Tolkien does give his hobbits a certain warm and contagious emotional spontaneity which I think it is hard to get just right in a story – too easy to slip over into the saccharine. I’m thinking, for instance, of Merry’s response to Aragorn’s joking in the Houses of Healing. I always think that if Pippin had had another couple of days to work on Denethor he might have succeeded in thawing even him out.

 

 

Re: I love Hobbits


"The witch-king is defeated by an alliance between two "weak" characters (Merry & Eowyn) who are both fighting for love, not for glory. And even then chance -- or is it grace? -- plays an important role: much of the work is done by the barrow-blade. So much for military prowess! It's simple hobbit-like determination in the face of impossible odds that gets the job done. "

Good point, Teasel. And I would vote for grace, not chance.

Dagmar

 

 

Re: I love Hobbits

I love hobbits.

I love the simplicity of their lives, I love the way they interact, and I love the feeling of belonging they give. I love the idea of hobbit children, but not the idea of grown hobbits being treated as children. The scene in the movie where Boromir ruffles Frodo's hair always gets to me. If the Ring hadn't been involved, I'd like to believe that Frodo would have smacked Boromir.
I love the idea of hobbits getting the drop on their larger "noble" counterparts, which is probably why I enjoyed Treehugger's "In the Hall of the Wood Elf King" so much.
I love the idea that Frodo, Sam, Merry, and Pippin break their known social boundaries and are friends with one another. I like the fact that Sam *can* be such wonderful friends with Frodo and the others and that he has the right to become Mayor of the Shire in his later years.
I love the relationship between Sam and Frodo. I appreciate it for the love it has. You can write it as platonic or sexual; as long as it's good, I'll read it.
I love hobbit lasses and hate that almost no one writes a decent hobbit lass story. They can be interesting too. Rosie Cotton did manage to claim Sam's heart too, you know. In fact, some of my favorite writing is Mary Borsellino's "Pretty Good Year", which features Frodo/Sam/Rosie and is about hobbits through and through. The adult hobbits are no children in her stories.
In the end, I just love hobbits, a lot.

 

 

Re: I love Hobbits

I guess one of the things that annoys me in some hobbit fics is excessive and unnecesary focus on their diminutiveness. Yes hobbits are small compared to humans but we are small compared to mountain gorillas. Unless a mountain gorilla appears in a human story we would never dream of talking about the 'tiny' hands of a normal size adult. I hate it when someone writes something like "Sam held Frodo's small form in his arms". Hello! Frodo is probably as tall or taller than Sam. (End rant.)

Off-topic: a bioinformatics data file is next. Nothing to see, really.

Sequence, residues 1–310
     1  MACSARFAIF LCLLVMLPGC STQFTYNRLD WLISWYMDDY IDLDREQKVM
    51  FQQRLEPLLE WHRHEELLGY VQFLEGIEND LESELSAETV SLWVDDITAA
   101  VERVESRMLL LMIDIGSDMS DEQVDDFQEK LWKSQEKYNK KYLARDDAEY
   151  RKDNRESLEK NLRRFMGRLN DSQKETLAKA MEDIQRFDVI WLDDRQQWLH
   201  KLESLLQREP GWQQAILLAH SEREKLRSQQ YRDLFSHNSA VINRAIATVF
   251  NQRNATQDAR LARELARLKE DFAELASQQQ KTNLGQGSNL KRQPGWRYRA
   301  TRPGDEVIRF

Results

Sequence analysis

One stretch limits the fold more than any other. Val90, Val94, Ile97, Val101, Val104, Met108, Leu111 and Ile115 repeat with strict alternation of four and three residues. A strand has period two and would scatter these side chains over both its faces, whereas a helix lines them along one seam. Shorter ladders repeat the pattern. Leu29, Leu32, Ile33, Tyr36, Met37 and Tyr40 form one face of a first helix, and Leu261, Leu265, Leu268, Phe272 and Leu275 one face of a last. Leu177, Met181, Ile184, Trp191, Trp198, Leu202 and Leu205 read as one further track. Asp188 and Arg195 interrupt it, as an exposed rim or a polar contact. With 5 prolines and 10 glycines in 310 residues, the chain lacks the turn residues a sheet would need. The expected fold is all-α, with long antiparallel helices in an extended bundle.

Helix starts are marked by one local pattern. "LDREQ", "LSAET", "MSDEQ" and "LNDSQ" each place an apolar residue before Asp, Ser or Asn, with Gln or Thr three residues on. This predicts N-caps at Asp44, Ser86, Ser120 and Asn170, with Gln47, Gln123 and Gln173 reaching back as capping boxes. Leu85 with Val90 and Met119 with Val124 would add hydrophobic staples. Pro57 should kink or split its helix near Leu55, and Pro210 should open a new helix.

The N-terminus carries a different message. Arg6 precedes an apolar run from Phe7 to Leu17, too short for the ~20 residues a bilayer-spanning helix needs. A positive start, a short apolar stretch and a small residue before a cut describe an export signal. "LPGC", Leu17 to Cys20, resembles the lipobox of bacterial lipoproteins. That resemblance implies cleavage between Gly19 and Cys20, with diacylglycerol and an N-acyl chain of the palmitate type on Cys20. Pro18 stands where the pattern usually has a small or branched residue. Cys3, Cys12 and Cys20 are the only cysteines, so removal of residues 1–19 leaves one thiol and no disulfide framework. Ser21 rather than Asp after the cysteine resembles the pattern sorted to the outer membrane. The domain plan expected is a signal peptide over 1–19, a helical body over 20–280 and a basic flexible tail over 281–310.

Quick plug for my hobbit story
What Dreams May Come

Jodancingtree has a good story begun in beta (Hope you don't mind the plug Jo)
Sam's Rose

Also check out Ariel's stuff

 

 

Re: I love Hobbits

Mind, nothing! Thank you very much, all the more so for putting in the link!

Jo

 

 

Re: I love Hobbits

The Hobbits are what turns LotR from a good adventure book into a masterpiece of literature.
What is left from LotR if we take the Hobbits away? (And I incude Gollum in the term "Hobbits".)
A bunch of valiant warriors, wise mages, mighty rulers and cold and distant elves, who fight the Dark Lord and his minions with sword and magic. All very traditional types of heroes with ancient artefacts and glorious battles. That has been done many times in fantasy literature before and after Tolkien


Dagmar, what a great post! I completely agree with your assessment of why the Hobbits are so important to the power and uniqueness of Lord of the Rings.

I'm not terribly familiar with most fantasy literature, and my days of reading epic legends are in the remote past, but I always feel that the Hobbits were Tolkien's true invention. Whenever I'm in the world of the Elves, or Men, or even of Dwarves, as wonderfully as Tolkien describes them, I still feel as if I'm in "familiar territory." As Dagmar said, these are traditional characters. Only when I'm reading about Hobbits do I feel as if I've chanced upon something truly new, truly magical.

I find that some critics of Hobbits (in Tolkien, in Peter Jackson's movies and in fanfic) are simply dismissing our Shire-dwellers because they are such uncommon characters. It can be easy to look upon them as annoying, twee little creatures who should be skimmed over so that one can get back to "the good stuff"--- epic battles, kingly quests, Elvish grandeur and so on. What a pity! There is so much more to Hobbits than just furry feet and quaint customs; indeed, dismissing Hobbits prevents a reader from absorbing much of Tolkien's spirit and message. Tolkien begins and ends his story in the Shire, and this alone should be enough to tell us that the Hobbits are at the heart of his saga.

Sadly, after the release of The Two Towers I begin to feel that Peter Jackson is leaning towards an anti-Hobbit bias. Perhaps it is more cinematic to show great battles, but shortchanging Frodo, Sam, Merry and Pippin is weakening and trivializing the story. I'm concerned that he will keep up this approach for Return of the King, devoting great amounts of screen time to BlockbusterMovieMoments like the Battle of the Pelennor Fields and (shudder) Arwen's Royal Princess Wedding, while Frodo's quietly tragic heroism gets shunted to the side.